March 11, 2018 Tears for Fears – The Hurting Turns 35
The duo of Roland Orzabal (vocals, guitars, keyboards) and Curt Smith (vocals, bass guitar, keyboards), together known as Tears for Fears, soared to glowing commercial stardom in the mid-’80s after their breakthrough album, 1985’s Songs from the Big Chair, cracked the charts. Thanks to the steely strength of the accompanying hit singles “Shout,” “Head over Heels,” “Mothers Talk,” and “Everybody Wants to Rule the World.” However, in fairness with the two hardworking artists, their brilliance shone as early as their debut expression.
Formed in 1981, in Bath, England, Tears for Fears became one of the forerunners of Pop New Wave in the vibrant and flamboyant 1980s. Amid the waning of their sheen and a falling out in the ensuing decade that prompted Smith’s leaving the band, Orzabal soldiered on and released a couple albums more under the Tears for Fears moniker—in particular, 1993’s Elemental and 1995’s Raoul and the Kings of Spain—until he finally pursued a solo path, like Smith before him. Fortunately, in 2000, the two got together and decided to mend the past and begin work on a comeback album – 2004’s Everybody Loves a Happy Ending.
To this day, the revitalized Tears for Fears remain active and relevant, gigging and writing new songs. And since that their firstborn – The Hurting – is celebrating its 35th anniversary, let them rule your world once again. Spin the record and rediscover what made the tandem of Orzabal and Smith so significant, formidable, and influential and their music compelling and exciting.
Released on March 7, 1983, The Hurting opened with the cool but imposing rhythm yet subtly Gothic temperament of the title track. That early, Tears for Fears’ penchant for progressive song structures was already showing. Followed next was one of the dance-floor favorites from the band’s catalog – the international hit single “Mad World,” which would surely conjure in the mind of the initiated the image of Orzabal dancing the so-called waving hands in the air dance routine. In the ensuing acoustic-guitar-flavored and soulful swagger of “Pale Shelter,” Smith’s strikingly thin and silky, floating voice gave the album an apt antithesis to Orzabal’s imposing vocal presence. The moon to the sun, the ripple to the splash, the warmth to the ice…the sweet paradox of Smith and Orzabal.
One of the less commercial but definitely among the sonic strengths of The Hurting came in the form of the initially practically piano, voice, and percussion combo track “Ideas as Opiates” – eerie, minimalist, psychedelic, but also revolutionary with its short freeform, jazzy mid-song saxophone interlude and coda. The sinister vibes refracted into the ensuing “Memories Fade,” which continued the band’s syncopated, horn-adorned Jazz preoccupation and which slowly transitioned into its Synthpop excursion. Whether one acknowledges it or not, this track was one of Tears for Fears’ early displays of its inclination to what may be described as Progressive Pop.
The energy rose to upbeat level with “Suffer the Children,” as the synth, the anthemic guitar ad-lib, the big drum sound, and Orzabal’s velvety voice slowly soared to stellar heights, also surging with an undercurrent of Gothic sensibilities. The same Gothic mood carried on through the ominous aural and lyrical slant of “Watch Me Bleed,” whose angular rhythm guitar connected Tears for Fears with its Post-Punk roots, making the band a legitimate part of the genre despite its Pop direction.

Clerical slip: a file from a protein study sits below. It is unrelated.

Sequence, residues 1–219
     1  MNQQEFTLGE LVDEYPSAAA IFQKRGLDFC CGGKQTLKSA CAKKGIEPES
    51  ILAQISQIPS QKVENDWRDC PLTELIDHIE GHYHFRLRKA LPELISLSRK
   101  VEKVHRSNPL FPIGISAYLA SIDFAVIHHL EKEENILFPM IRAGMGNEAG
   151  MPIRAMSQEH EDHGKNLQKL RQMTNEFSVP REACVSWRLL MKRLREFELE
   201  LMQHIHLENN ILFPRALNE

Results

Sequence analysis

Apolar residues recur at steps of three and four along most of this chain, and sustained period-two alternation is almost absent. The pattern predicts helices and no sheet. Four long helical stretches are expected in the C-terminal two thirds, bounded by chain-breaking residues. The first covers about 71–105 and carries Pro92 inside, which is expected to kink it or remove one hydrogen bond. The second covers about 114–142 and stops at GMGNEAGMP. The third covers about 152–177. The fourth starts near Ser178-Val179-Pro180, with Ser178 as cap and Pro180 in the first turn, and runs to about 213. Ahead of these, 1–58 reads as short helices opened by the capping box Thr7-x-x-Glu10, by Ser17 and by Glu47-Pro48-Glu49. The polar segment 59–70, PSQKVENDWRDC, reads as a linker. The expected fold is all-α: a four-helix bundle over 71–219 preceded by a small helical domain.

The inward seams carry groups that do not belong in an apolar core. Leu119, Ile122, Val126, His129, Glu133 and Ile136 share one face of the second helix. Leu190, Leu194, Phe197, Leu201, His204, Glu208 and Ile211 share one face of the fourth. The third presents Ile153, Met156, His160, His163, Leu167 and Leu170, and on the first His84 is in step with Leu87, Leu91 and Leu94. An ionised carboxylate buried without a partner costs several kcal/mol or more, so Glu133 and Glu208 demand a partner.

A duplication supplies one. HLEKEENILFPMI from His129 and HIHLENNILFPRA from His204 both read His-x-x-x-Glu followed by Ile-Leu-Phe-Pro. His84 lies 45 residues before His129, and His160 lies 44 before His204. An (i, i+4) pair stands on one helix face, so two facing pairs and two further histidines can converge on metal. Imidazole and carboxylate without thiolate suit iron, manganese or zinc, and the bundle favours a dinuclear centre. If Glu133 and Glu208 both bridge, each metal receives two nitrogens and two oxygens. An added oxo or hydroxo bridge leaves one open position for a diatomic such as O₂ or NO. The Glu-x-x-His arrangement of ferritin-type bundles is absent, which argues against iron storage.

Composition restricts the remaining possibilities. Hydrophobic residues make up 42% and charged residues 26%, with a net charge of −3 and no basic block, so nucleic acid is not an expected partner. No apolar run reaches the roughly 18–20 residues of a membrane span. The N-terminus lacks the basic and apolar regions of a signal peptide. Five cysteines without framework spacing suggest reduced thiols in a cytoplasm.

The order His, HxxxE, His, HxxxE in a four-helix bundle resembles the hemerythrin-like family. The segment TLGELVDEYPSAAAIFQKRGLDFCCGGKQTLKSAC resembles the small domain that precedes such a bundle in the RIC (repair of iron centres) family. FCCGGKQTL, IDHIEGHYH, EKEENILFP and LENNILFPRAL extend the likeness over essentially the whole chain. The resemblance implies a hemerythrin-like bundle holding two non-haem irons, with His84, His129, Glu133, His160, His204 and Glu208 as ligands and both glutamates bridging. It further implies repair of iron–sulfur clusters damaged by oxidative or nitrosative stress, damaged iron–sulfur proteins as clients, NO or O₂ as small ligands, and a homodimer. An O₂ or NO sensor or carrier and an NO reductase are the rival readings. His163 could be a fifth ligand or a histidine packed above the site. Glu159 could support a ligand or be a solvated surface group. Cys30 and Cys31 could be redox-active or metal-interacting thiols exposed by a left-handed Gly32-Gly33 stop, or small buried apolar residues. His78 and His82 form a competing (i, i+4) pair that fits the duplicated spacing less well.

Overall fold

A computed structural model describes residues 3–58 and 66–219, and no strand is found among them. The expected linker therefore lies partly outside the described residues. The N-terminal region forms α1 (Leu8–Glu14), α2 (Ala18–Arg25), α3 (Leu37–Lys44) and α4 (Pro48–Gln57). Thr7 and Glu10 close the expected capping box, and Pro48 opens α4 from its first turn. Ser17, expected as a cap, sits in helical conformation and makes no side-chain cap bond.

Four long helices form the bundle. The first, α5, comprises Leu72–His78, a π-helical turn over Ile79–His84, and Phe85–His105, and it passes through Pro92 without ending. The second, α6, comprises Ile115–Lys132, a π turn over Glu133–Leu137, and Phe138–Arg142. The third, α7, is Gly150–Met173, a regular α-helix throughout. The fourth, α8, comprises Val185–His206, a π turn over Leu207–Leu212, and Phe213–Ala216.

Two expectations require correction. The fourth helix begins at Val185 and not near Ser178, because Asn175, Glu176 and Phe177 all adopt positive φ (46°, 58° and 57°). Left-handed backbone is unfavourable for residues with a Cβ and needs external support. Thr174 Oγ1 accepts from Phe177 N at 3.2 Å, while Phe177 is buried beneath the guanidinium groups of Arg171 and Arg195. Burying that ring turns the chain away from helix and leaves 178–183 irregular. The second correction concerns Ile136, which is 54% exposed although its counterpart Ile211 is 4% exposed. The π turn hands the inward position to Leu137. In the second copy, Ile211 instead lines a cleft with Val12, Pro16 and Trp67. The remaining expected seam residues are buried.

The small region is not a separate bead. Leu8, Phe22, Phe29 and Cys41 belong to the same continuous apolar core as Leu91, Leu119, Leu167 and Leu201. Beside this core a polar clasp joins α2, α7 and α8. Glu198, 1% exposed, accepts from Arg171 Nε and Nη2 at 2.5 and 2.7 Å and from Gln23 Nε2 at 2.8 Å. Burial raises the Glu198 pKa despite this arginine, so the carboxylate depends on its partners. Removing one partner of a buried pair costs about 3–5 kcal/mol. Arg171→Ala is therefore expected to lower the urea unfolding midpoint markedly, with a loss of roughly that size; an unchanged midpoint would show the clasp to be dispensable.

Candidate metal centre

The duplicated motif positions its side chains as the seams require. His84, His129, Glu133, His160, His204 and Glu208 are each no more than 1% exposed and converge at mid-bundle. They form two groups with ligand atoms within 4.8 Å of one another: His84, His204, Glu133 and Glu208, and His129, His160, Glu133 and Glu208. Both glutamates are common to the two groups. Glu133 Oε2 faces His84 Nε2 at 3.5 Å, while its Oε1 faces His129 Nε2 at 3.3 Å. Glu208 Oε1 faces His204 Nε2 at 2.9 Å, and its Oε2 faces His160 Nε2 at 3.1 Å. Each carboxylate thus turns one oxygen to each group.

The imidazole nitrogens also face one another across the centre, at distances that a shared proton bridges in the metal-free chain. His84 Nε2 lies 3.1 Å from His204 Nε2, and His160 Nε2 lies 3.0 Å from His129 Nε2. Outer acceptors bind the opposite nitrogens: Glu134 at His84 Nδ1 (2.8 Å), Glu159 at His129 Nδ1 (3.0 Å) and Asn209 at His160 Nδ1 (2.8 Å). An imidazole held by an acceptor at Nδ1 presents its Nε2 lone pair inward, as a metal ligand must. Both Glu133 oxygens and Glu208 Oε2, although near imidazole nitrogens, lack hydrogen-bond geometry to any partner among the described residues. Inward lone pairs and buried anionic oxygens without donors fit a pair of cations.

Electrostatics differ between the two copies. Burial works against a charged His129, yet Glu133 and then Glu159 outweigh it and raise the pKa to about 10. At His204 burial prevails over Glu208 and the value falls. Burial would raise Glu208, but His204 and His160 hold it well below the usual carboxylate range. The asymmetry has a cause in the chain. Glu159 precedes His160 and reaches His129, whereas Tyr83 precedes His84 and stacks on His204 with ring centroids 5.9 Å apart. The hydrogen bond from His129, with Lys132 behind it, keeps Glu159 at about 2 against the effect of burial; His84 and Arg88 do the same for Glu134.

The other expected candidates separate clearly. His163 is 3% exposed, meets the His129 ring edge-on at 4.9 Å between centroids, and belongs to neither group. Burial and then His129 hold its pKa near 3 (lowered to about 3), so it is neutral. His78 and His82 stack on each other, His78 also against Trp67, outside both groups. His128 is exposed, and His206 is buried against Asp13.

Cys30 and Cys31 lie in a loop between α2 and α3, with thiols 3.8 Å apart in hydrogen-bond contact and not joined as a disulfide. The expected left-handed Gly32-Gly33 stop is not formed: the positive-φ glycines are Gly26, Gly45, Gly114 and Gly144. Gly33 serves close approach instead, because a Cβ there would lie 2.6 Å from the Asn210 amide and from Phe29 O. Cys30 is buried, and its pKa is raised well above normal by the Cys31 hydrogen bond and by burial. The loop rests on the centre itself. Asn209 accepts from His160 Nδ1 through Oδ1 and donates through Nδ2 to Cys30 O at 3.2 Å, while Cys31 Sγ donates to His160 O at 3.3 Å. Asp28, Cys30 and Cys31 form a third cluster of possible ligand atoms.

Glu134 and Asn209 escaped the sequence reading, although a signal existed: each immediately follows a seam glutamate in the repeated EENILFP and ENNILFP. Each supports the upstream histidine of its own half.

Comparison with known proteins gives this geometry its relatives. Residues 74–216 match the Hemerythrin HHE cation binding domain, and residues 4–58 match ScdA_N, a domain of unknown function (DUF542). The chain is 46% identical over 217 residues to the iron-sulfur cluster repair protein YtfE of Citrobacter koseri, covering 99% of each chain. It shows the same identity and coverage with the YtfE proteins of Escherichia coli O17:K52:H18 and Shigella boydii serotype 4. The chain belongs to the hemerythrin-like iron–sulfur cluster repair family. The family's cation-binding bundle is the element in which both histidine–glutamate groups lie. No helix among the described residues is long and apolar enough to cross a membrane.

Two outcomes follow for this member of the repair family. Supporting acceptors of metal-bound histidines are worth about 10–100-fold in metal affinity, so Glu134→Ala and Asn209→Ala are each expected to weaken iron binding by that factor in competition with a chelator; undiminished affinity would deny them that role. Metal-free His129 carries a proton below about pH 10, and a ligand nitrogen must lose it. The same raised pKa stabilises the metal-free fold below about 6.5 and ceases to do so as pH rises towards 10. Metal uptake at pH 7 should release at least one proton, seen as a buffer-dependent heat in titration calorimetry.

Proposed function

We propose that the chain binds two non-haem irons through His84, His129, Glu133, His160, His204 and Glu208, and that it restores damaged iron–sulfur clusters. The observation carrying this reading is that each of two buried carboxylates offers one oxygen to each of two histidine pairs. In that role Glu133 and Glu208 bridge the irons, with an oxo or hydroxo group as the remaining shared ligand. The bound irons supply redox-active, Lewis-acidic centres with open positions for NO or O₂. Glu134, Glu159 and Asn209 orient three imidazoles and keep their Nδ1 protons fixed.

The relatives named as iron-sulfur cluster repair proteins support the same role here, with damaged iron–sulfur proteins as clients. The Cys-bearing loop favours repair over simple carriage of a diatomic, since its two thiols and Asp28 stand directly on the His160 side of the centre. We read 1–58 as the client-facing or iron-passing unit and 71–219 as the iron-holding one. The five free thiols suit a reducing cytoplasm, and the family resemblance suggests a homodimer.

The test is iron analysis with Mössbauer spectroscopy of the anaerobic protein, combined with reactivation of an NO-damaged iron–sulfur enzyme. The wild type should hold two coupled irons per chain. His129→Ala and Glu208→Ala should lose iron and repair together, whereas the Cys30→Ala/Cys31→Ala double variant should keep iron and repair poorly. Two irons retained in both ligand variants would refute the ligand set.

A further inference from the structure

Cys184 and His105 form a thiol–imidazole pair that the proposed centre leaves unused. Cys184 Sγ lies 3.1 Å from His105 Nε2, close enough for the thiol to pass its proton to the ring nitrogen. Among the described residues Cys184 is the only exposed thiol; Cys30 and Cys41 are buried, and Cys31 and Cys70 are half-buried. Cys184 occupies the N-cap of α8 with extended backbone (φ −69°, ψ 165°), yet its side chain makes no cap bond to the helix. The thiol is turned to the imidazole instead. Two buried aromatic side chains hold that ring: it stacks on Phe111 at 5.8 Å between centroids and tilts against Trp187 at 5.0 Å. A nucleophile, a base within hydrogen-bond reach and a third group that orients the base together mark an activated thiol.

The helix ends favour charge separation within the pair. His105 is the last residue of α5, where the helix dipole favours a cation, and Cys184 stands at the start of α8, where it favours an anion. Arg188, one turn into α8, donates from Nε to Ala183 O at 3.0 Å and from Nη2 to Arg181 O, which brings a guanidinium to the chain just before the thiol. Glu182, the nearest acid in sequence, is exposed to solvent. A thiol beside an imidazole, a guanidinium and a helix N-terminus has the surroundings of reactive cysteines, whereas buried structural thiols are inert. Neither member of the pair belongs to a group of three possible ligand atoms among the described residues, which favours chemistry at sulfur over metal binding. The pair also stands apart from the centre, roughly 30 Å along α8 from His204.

Tears for Fears’ fourth single, “Change” stood out from the rest of the album for its being Pop-oriented and yet unconventional at the same time with regard to its instrumentation—the xylophone as the lead instrument, augmented with jangly guitar plucks, choppy guitar strums, rolling bass part, cyclical keyboard melodies, and undulating synthbass line. New Wave at its best!
The penultimate track, “The Prisoner” was the album’s Gothic Rock stomper – a cacophony of sharp and edgy sounds, ethereal choral backing voices, and spacey synthesizer flourishes.
Finally, Tears for Fears finished off their debut masterpiece with the seeming balladry of the portentous “Start of the Breakdown” – a final illustration of the album’s overall theme of Psychoanalysis and Primal Therapy, which the band had been able to translate to musical terms successfully.
Thirty-seven years have passed, and yet the Tears for Fears story is still unfolding. They have just released a greatest-hits collection last year, stirring their fanbase and prepping anyone who is awaiting their collection of new materials planned for release before 2018 ends. A bright saturnine and martial sun is indeed rising in the foreseeable horizon. No one is lunatic, after all. And while the excitement is building up, you must have experienced again the pure and pristine beauty of Tears for Fears’ humble beginning.
Surely your travel back in time with the 35-year-old The Hurting was worthwhile with all those familiar tunes, familiar places, and familiar faces. Only the jaded and the worn-out breaks down and becomes mad in this world. Everybody utters a smile in the end. A happy ending, indeed. No more hurting. Only memories…half-faded, half-remembered. No more tears, no more fears. Tears for Fears is now just a band…that made and continues to make great music.